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Sponsored by the Gold Humanism Honor Society, the Alan Klass Medical Humanities Program and the Office of Educational and Faculty Development
This course teaches narrative medicine by engaging you as a reader, writer, and medical professional with narrative materials drawn from various literary genres, much of which has medical themes. Positive health outcomes depend on communication, empathy, and collaboration, all skills that are integral to narrative medicine. The course consists of eight two-hour sessions, and is designed for those who have not previously studied narrative medicine; each class will consist of close reading and writing exercises, sharing of reflective writing, and discussion of the reading and writing. No reading or writing outside class will be required.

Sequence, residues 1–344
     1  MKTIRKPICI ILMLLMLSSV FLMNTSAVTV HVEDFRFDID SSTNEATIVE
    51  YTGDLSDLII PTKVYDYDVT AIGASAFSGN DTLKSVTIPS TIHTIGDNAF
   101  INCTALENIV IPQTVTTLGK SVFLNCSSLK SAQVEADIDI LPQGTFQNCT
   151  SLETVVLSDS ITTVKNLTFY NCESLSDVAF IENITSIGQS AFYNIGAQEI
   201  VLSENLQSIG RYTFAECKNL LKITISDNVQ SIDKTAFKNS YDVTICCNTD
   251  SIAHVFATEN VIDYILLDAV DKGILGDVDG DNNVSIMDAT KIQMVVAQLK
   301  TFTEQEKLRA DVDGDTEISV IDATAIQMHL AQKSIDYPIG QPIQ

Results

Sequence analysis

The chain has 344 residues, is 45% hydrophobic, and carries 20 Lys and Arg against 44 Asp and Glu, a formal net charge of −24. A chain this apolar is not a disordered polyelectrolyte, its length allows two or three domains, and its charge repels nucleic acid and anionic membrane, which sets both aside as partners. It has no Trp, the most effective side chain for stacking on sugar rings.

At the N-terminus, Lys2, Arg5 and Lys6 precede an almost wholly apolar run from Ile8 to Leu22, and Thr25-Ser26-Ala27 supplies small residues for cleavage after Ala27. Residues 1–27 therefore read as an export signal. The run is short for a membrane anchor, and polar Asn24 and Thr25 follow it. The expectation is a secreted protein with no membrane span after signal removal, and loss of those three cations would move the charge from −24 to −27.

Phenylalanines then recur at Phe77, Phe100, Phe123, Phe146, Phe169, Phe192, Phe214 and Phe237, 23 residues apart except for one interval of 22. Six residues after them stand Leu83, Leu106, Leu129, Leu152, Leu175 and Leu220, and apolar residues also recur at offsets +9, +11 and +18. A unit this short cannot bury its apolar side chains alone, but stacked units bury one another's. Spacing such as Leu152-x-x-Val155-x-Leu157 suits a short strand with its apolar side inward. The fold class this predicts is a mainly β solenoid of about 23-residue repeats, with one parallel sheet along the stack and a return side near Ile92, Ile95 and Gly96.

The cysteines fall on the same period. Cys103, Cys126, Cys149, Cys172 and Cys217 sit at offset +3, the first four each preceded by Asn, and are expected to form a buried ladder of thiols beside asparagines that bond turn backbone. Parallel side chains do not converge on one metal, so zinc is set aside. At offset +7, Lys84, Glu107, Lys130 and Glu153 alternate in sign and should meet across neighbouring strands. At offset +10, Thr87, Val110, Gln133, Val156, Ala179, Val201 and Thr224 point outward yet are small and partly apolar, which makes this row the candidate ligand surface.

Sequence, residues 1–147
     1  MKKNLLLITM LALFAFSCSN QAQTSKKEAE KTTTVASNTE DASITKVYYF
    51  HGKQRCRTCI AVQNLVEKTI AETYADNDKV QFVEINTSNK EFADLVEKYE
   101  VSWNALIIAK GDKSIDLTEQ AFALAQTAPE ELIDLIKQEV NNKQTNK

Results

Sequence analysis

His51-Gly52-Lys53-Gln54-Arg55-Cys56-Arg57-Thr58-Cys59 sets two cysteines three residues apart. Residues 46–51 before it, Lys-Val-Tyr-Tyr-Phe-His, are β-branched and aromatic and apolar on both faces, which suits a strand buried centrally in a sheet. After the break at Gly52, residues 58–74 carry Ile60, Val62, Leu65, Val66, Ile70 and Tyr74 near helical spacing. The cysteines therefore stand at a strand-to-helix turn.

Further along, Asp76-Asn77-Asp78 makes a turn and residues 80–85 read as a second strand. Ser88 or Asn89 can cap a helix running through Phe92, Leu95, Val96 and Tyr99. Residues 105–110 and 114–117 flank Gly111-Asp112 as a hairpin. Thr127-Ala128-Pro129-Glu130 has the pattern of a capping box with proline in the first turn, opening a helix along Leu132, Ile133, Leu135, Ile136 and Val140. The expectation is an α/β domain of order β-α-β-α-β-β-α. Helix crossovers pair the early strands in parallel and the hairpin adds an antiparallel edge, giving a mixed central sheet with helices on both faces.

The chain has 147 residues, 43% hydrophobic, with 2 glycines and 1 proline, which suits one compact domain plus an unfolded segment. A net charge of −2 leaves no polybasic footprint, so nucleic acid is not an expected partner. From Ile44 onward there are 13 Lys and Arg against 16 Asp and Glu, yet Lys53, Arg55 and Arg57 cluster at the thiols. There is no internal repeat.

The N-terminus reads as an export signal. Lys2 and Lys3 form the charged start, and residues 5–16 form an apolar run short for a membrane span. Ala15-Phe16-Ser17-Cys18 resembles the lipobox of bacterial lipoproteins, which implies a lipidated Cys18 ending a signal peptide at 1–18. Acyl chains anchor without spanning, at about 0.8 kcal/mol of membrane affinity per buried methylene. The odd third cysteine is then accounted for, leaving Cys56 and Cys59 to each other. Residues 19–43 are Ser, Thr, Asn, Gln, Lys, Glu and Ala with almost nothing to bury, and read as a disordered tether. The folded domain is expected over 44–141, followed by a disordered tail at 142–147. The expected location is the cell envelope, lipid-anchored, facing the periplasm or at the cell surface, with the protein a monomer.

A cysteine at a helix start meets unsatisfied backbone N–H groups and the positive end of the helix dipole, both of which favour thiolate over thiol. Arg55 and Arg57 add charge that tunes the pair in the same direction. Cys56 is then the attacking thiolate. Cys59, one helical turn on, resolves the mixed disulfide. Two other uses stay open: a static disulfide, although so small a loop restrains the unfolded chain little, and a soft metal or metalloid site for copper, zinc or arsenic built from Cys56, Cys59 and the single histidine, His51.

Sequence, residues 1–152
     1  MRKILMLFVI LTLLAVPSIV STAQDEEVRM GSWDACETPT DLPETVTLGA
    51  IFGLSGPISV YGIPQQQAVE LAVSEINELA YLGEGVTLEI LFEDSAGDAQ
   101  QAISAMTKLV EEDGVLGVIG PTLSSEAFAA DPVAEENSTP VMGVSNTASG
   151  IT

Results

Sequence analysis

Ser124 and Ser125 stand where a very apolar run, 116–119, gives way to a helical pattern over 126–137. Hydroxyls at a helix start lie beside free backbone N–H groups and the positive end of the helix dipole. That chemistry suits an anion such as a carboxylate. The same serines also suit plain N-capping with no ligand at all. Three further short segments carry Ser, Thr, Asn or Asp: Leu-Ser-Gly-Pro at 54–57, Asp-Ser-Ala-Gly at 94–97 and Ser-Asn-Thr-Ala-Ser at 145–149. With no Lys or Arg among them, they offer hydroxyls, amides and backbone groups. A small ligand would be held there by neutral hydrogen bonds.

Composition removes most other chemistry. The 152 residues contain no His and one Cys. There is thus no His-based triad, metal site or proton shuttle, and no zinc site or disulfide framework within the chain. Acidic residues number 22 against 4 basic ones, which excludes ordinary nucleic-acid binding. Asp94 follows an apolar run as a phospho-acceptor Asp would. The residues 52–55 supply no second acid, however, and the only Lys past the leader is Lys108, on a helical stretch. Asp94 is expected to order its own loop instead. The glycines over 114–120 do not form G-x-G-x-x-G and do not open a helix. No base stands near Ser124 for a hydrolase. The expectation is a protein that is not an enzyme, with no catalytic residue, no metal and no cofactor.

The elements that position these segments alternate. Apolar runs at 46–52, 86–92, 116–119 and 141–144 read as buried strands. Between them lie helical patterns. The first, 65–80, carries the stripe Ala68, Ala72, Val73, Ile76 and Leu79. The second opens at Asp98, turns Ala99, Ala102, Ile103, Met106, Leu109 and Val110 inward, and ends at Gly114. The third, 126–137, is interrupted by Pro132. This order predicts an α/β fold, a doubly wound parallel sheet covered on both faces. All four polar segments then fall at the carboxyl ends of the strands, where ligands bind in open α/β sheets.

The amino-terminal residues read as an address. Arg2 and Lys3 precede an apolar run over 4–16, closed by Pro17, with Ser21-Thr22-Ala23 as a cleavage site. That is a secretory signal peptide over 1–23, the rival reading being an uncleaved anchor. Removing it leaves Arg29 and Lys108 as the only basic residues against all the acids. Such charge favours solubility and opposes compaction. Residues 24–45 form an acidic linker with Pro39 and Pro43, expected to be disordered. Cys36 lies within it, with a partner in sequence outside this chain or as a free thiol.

- Develop close reading, listening and observation skills
- Practice reflective and creative writing skills
- Learn how narrative medicine and ethical considerations related to its practice happen in the context of literature, and, by analogy, in clinical practice.
Click for here Narrative Medicine course outline.
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Facilitator: Maurice Mierau is the author of Detachment: An Adoption Memoir, which won the 2016 Kobzar Literary Award and the Alexander Kennedy Isbister Award for Non-Fiction. He has published three books of poems, Autobiographical Fictions, ReLit Award winner Fear Not, and Ending with Music. His work has appeared in most major Canadian newspapers and literary magazines. Maurice, who holds an MA in English literature, has taught journaling and other writing topics to students at the Max Rady College of Medicine over the last five years.